It’s one week until our departure for Edinburgh Yarn Festival. We’ve got a brand-new Field Guide out, and I’m dying to hunker down and get cranking on all three of the fab Isabell Kraemer patterns that are in it, perhaps simultaneously.
OK, maybe just two of them, to start. Part 1 of my plan is to get my skein of Jill Draper’s Kingston (in the literally indescribable shade called Wiltwyck Avenue) cast on for an X-Factor Cowl, work on it just a little to make sure I understand how it goes, and then stick it in my carry-on so that I’ll have a super-easy project on hand for any chatting opportunities along the way. Part 2 of the plan is to cast on my long-awaited Bottom Line Pullover, in Jill Draper’s Mohonk Light (shade: French Roast), get started on the yoke, and then have the pleasure of knitting it all the way across the Atlantic and back again. I love it when a sweater becomes a souvenir of a trip.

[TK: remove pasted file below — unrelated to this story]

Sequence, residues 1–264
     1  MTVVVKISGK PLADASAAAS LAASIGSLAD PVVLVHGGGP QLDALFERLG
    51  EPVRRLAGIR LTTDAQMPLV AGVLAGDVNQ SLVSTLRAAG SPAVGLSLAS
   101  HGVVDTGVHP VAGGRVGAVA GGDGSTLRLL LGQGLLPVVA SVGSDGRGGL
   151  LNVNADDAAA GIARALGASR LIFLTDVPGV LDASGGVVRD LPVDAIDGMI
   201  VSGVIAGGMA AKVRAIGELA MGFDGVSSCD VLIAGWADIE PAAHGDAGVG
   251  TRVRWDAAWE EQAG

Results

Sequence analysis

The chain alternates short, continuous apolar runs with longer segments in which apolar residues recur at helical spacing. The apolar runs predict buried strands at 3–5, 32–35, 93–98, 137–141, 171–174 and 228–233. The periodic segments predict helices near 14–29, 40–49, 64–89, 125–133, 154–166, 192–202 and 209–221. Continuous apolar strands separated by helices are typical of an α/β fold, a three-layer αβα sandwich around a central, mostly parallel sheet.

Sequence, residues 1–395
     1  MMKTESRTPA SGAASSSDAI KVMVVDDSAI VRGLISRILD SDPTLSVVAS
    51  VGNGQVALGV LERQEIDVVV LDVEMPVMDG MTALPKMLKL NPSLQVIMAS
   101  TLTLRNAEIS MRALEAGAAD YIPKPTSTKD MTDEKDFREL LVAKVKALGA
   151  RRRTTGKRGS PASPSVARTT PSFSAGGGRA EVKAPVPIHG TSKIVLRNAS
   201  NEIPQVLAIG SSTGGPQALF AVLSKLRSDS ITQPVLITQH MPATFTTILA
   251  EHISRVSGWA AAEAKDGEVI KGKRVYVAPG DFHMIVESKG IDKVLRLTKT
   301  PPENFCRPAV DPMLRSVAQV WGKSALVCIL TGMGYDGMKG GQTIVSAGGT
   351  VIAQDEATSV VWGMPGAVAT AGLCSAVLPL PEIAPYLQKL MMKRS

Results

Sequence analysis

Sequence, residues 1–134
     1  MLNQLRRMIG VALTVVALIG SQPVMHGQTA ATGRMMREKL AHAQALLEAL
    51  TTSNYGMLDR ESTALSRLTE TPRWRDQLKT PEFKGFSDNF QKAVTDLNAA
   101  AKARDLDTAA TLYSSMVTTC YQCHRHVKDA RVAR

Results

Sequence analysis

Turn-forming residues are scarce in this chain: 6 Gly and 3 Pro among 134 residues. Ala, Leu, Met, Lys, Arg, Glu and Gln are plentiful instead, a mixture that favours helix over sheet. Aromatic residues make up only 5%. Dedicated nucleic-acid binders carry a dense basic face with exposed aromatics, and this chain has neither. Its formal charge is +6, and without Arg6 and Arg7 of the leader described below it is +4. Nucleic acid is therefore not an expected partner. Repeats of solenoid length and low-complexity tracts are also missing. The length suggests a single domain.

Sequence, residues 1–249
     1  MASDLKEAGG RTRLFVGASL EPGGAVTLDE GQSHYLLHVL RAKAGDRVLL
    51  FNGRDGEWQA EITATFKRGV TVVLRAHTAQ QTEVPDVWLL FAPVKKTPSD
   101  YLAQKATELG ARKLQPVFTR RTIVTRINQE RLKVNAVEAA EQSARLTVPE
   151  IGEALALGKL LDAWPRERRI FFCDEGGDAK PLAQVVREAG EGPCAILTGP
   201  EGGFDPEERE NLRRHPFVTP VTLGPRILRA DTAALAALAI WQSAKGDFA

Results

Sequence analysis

So what will accompany this frenzy of winding yarn, casting on, and gearing up?
Wolf Hall, that’s what. I’m overdue for a re-watch of this 2015 tour de force television series starring Mark Rylance as Thomas Cromwell.
I’m a Wolf Hall superfan. I read Hillary Mantel’s novel when it came out. I saw the first episode of the BBC2 television series in January 2015, when visiting London. It was a six-month wait to see the rest of it when it aired on PBS in the U.S., but it was wonderful to anticipate it.
I liked the television series even better than the book, as events seem to me to unfold more clearly. It’s a wonderful re-imagination of a story I already knew, or thought I knew, from history books and from a favorite old movie, A Man for All Seasons. It’s dizzying, at least at first, to sympathize with Thomas Cromwell, the king’s ruthless fixer.There are moments of drama that took my breath away, despite having read the book.
It’s deeply absorbing, and everyone in it is so good. The whole series is streaming on Amazon Prime.
Added bonus: re-watching Wolf Hall will keep me from paying cash money to buy the third series of Versailles. I’m dying to see it, but stubborn about waiting for one of my streaming services to carry it.